News24

Dutch ban khat

2012-01-10 17:32

The Hague - The Dutch government on Tuesday banned the use of khat, a leaf native to East Africa chewed for its stimulant properties mainly by the Netherlands' sizeable Somali community.

"The drug khat is banned," the Dutch Immigration, Health and Justice departments said in a joint statement.

Khat is grown in the Horn of Africa and has for centuries been chewed by users in Ethiopia, Kenya, Somalia and Yemen.

"The problem lies especially within the Somali community, which is much larger than the Kenyan or Yemeni communities within our country," immigration department spokesperson Frank Wassenaar told AFP, adding there were about 27 000 Somalis living in the Netherlands.

"If taken in moderation there are no major problems, but an investigation showed it to be problematic among some 10% of khat users," leading to health and social issues, added the statement.

An independent report commissioned by the Dutch government has cited noise, littering and groups of men who "roam the streets perceived as threatening", as some of the effects.

With high unemployment and low education levels, the Dutch Somali community was "late" in terms of integration, the report said.

Imported legally via Amsterdam's Schiphol airport four times a week, khat is distributed throughout the Netherlands but also in Germany, Sweden, Denmark and Norway, it added.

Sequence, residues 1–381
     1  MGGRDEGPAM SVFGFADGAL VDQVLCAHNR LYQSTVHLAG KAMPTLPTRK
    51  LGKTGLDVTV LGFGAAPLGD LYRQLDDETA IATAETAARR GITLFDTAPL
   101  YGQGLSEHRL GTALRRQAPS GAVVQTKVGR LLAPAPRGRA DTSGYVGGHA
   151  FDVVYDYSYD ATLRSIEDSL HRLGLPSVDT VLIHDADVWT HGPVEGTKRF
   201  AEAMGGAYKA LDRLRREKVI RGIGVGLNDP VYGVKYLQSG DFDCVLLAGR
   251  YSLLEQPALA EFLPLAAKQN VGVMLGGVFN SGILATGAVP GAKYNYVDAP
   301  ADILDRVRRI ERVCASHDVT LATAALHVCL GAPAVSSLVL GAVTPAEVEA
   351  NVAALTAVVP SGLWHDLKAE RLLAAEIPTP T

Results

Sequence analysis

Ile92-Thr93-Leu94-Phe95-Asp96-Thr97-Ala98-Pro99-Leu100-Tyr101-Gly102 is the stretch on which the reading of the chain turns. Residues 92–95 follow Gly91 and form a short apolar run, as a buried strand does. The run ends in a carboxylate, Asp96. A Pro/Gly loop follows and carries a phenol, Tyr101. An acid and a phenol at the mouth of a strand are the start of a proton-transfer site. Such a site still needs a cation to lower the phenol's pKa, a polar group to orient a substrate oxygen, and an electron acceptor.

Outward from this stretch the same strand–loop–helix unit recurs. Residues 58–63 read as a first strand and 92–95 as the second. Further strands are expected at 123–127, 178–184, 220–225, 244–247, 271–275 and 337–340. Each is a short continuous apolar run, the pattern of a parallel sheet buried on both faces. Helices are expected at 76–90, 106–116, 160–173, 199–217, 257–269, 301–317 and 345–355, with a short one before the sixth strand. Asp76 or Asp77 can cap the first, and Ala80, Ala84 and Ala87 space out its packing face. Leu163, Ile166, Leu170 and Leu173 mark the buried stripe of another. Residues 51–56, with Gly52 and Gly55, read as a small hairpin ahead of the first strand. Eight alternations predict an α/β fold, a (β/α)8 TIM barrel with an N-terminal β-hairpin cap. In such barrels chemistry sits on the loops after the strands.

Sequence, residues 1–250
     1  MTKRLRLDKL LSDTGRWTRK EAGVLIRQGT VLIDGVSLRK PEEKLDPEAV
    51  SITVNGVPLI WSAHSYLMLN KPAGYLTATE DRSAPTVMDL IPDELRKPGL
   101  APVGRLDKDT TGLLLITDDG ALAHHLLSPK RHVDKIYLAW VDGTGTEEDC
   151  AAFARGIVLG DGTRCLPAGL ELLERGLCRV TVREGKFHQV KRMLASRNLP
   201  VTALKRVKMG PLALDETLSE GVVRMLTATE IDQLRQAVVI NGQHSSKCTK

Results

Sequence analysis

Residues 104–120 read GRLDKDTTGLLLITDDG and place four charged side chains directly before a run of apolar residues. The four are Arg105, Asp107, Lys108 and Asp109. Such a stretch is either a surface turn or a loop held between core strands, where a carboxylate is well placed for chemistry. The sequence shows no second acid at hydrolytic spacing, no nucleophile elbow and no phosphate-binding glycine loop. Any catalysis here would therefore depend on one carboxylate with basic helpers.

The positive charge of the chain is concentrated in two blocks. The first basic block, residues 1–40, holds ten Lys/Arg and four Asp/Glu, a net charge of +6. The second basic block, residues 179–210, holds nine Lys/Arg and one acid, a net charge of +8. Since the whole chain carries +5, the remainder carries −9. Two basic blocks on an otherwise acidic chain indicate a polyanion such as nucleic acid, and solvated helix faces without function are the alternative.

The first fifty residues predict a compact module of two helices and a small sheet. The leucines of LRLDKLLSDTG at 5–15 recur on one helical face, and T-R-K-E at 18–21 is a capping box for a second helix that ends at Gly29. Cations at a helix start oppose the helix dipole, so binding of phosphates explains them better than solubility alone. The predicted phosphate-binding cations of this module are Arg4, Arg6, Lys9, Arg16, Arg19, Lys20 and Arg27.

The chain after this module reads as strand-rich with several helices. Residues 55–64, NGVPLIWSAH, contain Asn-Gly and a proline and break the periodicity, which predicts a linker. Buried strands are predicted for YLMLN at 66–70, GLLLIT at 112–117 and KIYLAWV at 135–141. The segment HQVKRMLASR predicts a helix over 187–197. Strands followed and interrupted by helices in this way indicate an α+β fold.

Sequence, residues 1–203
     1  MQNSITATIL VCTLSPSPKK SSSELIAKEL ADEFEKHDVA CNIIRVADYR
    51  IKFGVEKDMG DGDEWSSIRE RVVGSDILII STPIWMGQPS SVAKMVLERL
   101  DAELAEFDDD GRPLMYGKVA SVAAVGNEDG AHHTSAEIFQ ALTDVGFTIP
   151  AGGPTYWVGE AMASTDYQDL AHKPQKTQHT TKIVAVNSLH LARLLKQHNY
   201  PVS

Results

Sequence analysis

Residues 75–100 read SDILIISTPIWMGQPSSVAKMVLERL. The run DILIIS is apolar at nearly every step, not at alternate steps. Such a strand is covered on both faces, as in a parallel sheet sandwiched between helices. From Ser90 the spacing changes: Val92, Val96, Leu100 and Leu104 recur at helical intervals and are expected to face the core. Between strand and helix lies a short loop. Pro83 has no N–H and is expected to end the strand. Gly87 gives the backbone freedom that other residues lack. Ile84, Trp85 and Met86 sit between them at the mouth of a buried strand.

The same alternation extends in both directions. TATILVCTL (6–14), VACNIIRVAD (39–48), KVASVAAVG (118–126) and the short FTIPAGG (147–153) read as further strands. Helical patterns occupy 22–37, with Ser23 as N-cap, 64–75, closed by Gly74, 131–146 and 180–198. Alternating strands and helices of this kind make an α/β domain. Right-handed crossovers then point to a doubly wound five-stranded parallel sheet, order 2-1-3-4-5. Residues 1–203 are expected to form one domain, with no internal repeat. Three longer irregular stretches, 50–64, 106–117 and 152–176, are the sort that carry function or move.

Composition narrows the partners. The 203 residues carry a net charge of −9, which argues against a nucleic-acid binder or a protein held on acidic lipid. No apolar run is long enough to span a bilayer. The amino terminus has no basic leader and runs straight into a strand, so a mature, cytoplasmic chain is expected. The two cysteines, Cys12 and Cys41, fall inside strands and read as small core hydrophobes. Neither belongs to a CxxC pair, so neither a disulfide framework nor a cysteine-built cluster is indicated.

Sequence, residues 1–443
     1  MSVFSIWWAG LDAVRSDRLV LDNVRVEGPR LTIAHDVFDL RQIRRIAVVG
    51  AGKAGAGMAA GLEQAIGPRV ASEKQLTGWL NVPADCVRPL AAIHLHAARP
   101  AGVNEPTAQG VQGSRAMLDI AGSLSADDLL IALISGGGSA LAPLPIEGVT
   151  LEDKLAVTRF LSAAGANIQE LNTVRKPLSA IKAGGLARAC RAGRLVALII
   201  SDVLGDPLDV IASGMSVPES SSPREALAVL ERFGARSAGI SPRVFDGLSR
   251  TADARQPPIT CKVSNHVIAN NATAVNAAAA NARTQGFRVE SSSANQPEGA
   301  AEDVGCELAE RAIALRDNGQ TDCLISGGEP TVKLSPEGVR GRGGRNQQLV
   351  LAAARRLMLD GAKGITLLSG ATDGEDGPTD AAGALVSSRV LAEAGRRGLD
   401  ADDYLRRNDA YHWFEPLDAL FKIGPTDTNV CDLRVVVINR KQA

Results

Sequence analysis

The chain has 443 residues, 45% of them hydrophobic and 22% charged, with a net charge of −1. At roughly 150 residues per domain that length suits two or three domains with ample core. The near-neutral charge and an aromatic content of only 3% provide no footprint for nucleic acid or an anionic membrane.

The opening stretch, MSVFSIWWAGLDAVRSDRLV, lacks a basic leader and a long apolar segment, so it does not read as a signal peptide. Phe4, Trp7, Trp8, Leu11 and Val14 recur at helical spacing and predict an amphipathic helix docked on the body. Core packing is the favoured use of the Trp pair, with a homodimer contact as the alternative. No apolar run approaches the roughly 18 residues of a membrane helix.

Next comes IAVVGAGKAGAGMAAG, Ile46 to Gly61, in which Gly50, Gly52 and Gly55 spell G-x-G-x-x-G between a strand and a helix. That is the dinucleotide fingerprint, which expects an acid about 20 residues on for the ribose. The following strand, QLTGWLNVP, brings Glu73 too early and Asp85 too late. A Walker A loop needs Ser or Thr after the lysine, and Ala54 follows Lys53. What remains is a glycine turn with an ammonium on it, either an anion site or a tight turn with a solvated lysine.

Around 843 tons of khat, worth a minimum €14m passed through Schiphol in 2010, up from 714 tons in 2009 and 693 tons in 2008.

Britain and the Netherlands currently allow the import, trade and consumption of khat, according to a European Monitoring Centre for Drugs and Drug Addiction letter of July last year entitled "Drugs in focus".

Fifteen of the European Union's 27 states and Norway list khat as an illegal narcotic, while in the other EU countries, the plant was not subjected to any controls, the EMCDDA letter said.

Comments
  • Frik - 2012-01-10 19:59

    Not sure of the spelling but they call it chard or something like that

  • Jamie - 2012-01-10 20:06

    The drug khat is banned," the Dutch Immigration, Health and Justice departments said in a joint statement. Oops

  • Matthew Patrick - 2012-01-11 00:46

    The synthetic version is becoming a problem in SA. It's called 'cat' which is short for methcathinone (spelling?). I know 2 people who've had to go to rehab 'cause of it.

  • GWS - 2012-01-11 08:52

    The Netherlands has also inherited a legion of Kosovo Albanian drug dealers that now literally control Amsterdam....also refugees. What a swell country.

  • Blade - 2012-01-11 10:13

    Why did they let the Somali scum into the country in the first place?

  • Moi - 2012-01-11 10:28

    Khat (pronounced “cot”) is a stimulant drug derived from a shrub (Catha edulis) that is native to East Africa and southern Arabia. The khat plant itself is not scheduled under the Controlled Substances Act; however, because one of its chemical constituents, cathinone, is a Schedule I drug, the Federal Government considers its use illegal.1 Health/Behavioral Effects The main psychoactive ingredients in khat are cathine and cathinone, chemicals that are structurally similar to, but less potent than, amphetamine, yet result in similar psychomotor stimulant effects. Chewing khat leaves can induce a state of euphoria and elation as well as feelings of increased alertness and arousal. The user can also experience an increase in blood pressure and heart rate. The effects begin to subside after about 90 minutes to 3 hours, but can last 24 hours. At the end of a khat session, the user may experience a depressive mood, irritability, loss of appetite, and difficulty sleeping.1

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